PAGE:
I feel like you’d get a better deal by waiting, but I honestly can’t say for sure. I’m inclined to think there’s a reason most trading up/down doesn’t happen until the time of the draft, but who knows? If you can get a good deal and have the advantage of an extra day or two to plan ahead I’m certainly not against it.
Follow up: if you wanted to trade down, would you rather call teams with offers (but maybe weaken your position) or wait for teams to call you (and maybe get max value)?
— Marcus (@marvmol) June 8, 2019
I guess it would depend on how badly I wanted to make a move. If I know I’m taking X player regardless of where I pick and I’m looking to move a couple spots down, I’ll probably make the call. If I’m happy making the pick where I am, I’m probably not moving it unless a deal that works for me materializes, so I’ll be happy to wait for somebody else to call me.
What would it take to land Miller out of Vegas and is he worth the cost?
— #RIPBotch (@bruuntuun) June 9, 2019
This is a very good question. It’s very tough to get a read on what Colin Miller’s value is right now, but I can’t imagine Vegas is dealing from a position of strength considering how they handled him last season. If they can get him without giving up any of their premium assets that’s a deal I would pursue. I still think a deal revolving around Miller for Virtanen makes sense for both teams. The question is who has to add? If the answer is Vancouver, I’ll pass; but I’d think about a one-for-one deal. You have to give something up to get something and buying low on Miller is the kind of deal that could seriously pay off for the Canucks in the long run.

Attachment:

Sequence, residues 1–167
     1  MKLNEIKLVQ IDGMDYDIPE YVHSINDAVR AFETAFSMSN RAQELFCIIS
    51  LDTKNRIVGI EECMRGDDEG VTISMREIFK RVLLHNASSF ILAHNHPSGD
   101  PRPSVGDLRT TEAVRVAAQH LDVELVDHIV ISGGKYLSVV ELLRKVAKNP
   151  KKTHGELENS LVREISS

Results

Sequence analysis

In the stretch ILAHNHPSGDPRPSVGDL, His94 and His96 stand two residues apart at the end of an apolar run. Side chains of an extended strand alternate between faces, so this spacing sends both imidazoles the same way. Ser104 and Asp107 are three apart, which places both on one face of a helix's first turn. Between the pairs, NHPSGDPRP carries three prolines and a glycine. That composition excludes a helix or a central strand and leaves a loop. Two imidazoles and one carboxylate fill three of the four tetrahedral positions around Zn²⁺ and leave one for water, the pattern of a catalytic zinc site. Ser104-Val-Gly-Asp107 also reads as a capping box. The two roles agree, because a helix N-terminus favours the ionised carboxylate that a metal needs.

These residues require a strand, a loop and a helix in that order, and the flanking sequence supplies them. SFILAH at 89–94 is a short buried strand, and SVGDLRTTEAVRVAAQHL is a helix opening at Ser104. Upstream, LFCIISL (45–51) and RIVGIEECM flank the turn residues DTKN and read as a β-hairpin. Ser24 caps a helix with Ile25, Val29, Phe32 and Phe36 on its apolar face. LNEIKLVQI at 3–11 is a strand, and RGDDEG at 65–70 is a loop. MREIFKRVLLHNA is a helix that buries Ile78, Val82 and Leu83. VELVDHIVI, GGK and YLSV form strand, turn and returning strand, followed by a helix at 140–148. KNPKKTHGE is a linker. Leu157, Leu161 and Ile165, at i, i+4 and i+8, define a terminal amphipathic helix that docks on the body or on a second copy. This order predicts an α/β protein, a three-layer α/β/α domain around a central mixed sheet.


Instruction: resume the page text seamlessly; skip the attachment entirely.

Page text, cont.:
What’s your biggest red flag when reading a prospect’s scouting report?
— Kato von Essen (@KatovonEssen) June 8, 2019
Anything that suggests a player is going to have to take significant strides mentally to grow into his physical tools. References to poor decision-making or weak hockey IQ are definitely a significant red flag if the player is demonstrating these weaknesses when they aren’t under pressure. Any player can be guilty of making a mistake under pressure, but if a player is constantly making thoughtless mistakes or being careless with the puck I definitely worry about that.
Why do you think so many high quality players are coming out of the US national development program?And do you think Bouldy will be available at #10?
— Brian mcdonald (@Brianmc75292217) June 9, 2019
The USNTDP has the benefit of not only being a great program in terms of the money and resources they are able to devote to developing their players, but also getting their pick of the best players in the country. Some pretty talented players can fall through the cracks either because scouts miss them or they elect to stay home and play in high school or the USHL, but generally the USNTDP gets to have not only a collection of the best players in the country, but also many of the best coaches and staff available at the junior level as well.
Just as a thought experiment, imagine what such a program might look like in Canada. Instead of sending the best Canadian talent off to their individual major junior teams, Hockey Canada would scout players from the time they were 14 or 15 with the goal of developing those players to eventually compete internationally. Those best players would basically form an all-star team and compete in a run of games against teams in the CHL and Canadian university teams and absolutely shred the competition. In most cases, we know quite early on that the Connor McDavids and Sidney Crosbys are future first overall talents long before they even set foot in the CHL, so a Canadain program would likely produce the most first overall picks of any amateur program across hockey.